To be effective, a Web video has to look good, sound clean, and be short.
You don’t have to hire a professional video producer to shoot your online videos. You can do it yourself if you just remember a few basics.
Keep it simple. A plain background behind a talking head or a product demonstration is very effective — the viewer’s attention stays on the subject. Also, video with a plain background compresses better for streaming versus a background with lots of details and colors.
Use lots of light. I often see fuzzy and muddy videos that were shot in dim light. Open up a window. Aim a few lights on the scene. You can’t have too much light.
Use a tripod. Shaky and jerky images, with lots of cuts, is fine for music videos but not for a business product. Don’t handhold your camcorder. Use the tripod.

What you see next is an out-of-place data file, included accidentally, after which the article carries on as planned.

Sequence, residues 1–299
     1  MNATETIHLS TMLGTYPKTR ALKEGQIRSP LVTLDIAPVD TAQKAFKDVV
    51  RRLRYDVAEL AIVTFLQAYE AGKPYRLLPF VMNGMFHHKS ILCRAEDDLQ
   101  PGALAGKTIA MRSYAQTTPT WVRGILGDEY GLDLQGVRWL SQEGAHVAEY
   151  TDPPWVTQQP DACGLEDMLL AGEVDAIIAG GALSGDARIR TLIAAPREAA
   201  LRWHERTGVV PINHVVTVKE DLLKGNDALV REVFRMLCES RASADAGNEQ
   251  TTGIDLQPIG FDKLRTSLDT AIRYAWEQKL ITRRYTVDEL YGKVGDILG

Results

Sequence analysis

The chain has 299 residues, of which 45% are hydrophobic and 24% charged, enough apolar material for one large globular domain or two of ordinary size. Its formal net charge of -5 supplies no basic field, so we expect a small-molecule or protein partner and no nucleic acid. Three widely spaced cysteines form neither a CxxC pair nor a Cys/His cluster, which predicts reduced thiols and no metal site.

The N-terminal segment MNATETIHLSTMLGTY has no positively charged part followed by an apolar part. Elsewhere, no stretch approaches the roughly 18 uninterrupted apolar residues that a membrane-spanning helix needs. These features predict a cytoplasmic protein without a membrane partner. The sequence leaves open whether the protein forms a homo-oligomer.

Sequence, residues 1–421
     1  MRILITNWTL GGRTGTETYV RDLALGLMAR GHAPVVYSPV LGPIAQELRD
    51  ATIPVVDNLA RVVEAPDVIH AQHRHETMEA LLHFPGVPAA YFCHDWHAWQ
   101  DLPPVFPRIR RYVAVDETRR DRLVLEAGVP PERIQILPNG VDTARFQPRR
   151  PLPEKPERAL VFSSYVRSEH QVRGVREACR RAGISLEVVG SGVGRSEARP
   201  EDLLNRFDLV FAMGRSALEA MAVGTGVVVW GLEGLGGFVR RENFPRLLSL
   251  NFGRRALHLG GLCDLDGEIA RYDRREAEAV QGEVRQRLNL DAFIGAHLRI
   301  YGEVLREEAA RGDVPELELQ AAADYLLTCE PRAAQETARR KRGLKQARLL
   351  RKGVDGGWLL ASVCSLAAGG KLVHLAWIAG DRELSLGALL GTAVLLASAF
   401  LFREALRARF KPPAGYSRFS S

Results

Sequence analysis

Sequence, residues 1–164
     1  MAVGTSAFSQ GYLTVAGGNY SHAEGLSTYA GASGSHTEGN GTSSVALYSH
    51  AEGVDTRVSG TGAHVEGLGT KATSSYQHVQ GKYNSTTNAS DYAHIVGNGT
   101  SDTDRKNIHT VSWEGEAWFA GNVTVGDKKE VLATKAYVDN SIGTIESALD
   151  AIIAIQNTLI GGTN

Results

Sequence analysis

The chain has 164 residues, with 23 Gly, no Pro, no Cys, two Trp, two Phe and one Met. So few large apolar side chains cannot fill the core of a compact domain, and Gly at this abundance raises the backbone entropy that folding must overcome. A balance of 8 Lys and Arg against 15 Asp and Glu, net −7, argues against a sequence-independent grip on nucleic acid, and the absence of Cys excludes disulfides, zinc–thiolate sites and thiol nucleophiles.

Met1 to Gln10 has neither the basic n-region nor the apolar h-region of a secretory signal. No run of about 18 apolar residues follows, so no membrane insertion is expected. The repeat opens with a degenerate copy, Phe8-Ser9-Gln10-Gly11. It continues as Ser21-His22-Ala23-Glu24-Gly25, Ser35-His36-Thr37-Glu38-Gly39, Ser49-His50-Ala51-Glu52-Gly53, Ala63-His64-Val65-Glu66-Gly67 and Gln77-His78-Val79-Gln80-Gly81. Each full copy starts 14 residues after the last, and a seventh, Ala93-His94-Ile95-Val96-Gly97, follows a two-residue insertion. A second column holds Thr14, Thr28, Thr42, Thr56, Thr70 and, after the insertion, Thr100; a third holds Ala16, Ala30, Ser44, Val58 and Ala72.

No special effects. When you edit, avoid using flashy transitions and complicated effects that strain the compression technology used in streaming video and can result in a less-than-optimum online playback. You don’t want your video stopping, stuttering and dropping frames. However, it can be very helpful to use graphics.
Text. Use a large and easy to read non-serif font.
Sound check. Bad audio plagues most online videos. You can make your film sound professional by using a good quality microphone plugged into your camcorder. An inexpensive lavaliere mike pinned to your talent’s collar will work wonders. Bad sound is a common problem because the built-in microphones found on most camcorders are not very good.
Be brief. Keeping your video short and to the point may be the most important. Whatever your goal, limit your video to just one point. A good Internet video should be between one to two minutes long. Three minutes max. If you plan your video well, that should be plenty of time. It is always better to have a series of short videos on your site rather than one or two overly long videos.